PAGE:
DBT has four major modules that help patients effectively change their behavior. Through these modules, they can become more aware of their present emotions and regulate them. Additionally, patients learn how to handle personal conflicts in a healthier way. 

More importantly, DBT helps patients decrease the risk of suicide and self-harm, and other harmful behaviors. By undergoing this therapy, patients will live independently without posing a risk for themselves and others. More so, they can integrate into society and live their life in a better and healthier manner. 

Mental Health Woes: Should I Bring My Ailing Mother To Nursing Home?

My mother was the only constant person for most of my life. You see, I never knew my father, and Mom was nothing but honest about the fact that I was a product of a one-sided love affair. He left after finding out that I existed.


My mother was too kind to tell me not to harbor hatred towards him, but I still did for some time. It was not because I grew up feeling inadequate or unloved – that was not the case since Mom showered me with more attention and love than I could ever need. I was merely mad because my father left her without giving financial support while raising me. That caused Mom to juggle three part-time jobs to look after me and my growing needs. She did not have time to get a proper haircut at the salon or spend time with her friends, and I felt helpless as a young kid because of that.

When I went to college, I promised Mom that she would no longer need to care for me. After all, I got a full-ride scholarship at Yale University, thanks to my impressive accomplishments throughout middle school and high school. I was also eligible to obtain student loans that could cover my books, tuition, and accommodation. And all the other expenses could be paid for by my part-time job at a publishing company. 


Despite that, Mom was stubborn enough to complain and say, “Come on. Can’t I even pay for your food? What kind of a mother am I if I let you go out in the world without financial support before you are ready for it?” No matter how much I declined her money, she would often wire the dollars to my bank account. I would only get wind of it whenever she would call and ask me to check if the money already arrived.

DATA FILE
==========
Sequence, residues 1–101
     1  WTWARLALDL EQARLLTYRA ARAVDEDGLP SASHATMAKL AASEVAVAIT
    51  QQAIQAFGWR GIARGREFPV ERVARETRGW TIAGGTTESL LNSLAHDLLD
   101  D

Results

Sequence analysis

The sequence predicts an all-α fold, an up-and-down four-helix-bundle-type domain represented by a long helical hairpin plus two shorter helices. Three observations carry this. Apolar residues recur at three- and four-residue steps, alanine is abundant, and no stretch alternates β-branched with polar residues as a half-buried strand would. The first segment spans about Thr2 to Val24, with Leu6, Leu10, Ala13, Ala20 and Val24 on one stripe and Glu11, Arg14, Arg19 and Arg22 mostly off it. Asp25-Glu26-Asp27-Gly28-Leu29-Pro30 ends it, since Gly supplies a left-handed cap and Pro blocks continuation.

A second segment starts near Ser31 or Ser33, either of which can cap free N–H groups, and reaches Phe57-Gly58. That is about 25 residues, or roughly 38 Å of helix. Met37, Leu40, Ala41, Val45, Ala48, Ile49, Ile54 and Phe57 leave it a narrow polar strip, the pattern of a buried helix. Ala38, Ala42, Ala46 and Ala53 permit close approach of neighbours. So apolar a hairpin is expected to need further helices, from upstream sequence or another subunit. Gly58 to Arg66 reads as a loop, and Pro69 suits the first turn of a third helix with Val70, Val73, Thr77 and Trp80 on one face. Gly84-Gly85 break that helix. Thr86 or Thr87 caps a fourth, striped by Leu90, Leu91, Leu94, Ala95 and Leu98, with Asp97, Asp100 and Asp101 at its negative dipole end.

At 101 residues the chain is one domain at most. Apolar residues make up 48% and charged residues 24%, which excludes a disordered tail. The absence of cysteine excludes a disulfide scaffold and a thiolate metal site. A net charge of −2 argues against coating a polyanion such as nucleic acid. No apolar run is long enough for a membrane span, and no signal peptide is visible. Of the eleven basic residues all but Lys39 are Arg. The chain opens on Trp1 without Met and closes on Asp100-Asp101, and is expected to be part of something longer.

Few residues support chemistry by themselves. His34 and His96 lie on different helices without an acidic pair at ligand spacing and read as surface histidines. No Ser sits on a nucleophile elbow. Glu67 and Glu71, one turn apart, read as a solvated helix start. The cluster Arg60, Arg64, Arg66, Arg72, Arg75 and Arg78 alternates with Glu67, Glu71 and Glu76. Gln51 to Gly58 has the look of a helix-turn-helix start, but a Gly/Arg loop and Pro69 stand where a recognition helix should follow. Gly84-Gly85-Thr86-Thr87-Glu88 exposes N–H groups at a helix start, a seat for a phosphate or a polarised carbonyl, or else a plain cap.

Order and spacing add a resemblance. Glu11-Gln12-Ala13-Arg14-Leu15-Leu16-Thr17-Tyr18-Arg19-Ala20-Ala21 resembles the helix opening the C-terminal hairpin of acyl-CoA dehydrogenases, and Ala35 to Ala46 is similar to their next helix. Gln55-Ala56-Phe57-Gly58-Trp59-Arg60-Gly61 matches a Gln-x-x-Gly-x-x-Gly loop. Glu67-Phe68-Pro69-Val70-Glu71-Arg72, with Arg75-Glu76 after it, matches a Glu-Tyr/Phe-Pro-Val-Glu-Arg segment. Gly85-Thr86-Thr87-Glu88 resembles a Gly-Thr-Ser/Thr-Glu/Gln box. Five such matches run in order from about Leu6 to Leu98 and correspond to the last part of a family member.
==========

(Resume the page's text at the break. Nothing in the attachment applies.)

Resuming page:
Looking After My Mother

Since Mom had always been so good to me, I made sure to marry a man who would let her live with us. That man turned out to Burr. According to my mother, he was the best son-in-law that she could ask for because Burr always treated her with respect. Whenever he came home with a gift for me, Mom would always get one, too. In his own words, “You already went through so much in life, ladies. Now, let me pamper you both like the queens you are meant to be.”


When my mother started living with us, I found a way to keep her from going to work. Burr and I already had a baby at the time, and I told my mother that I needed help taking care of little Josh. She loved her only grandson too much to let me get a nanny, so she volunteered to babysit sometimes. It gave her a new purpose, and I did not have to worry about her getting in an accident to or from work. It was a win-win situation, for sure.

But then, after Mom turned 60 years old, things started to get crazy. Sometimes, I would find her standing in front of the door in deep thought. Whenever I asked what she was doing there, she would say, “I forgot the way to the supermarket” or “I had to do something, but I could not remember it.” Other times, she would stay in the garden, planting and repotting the same flowers. Still, I did not take her to a neurologist until Josh came to the kitchen one day, frowning. He uttered, “Nana’s weird. We were playing Jenga just now, but she suddenly turned serious and asked who I was.”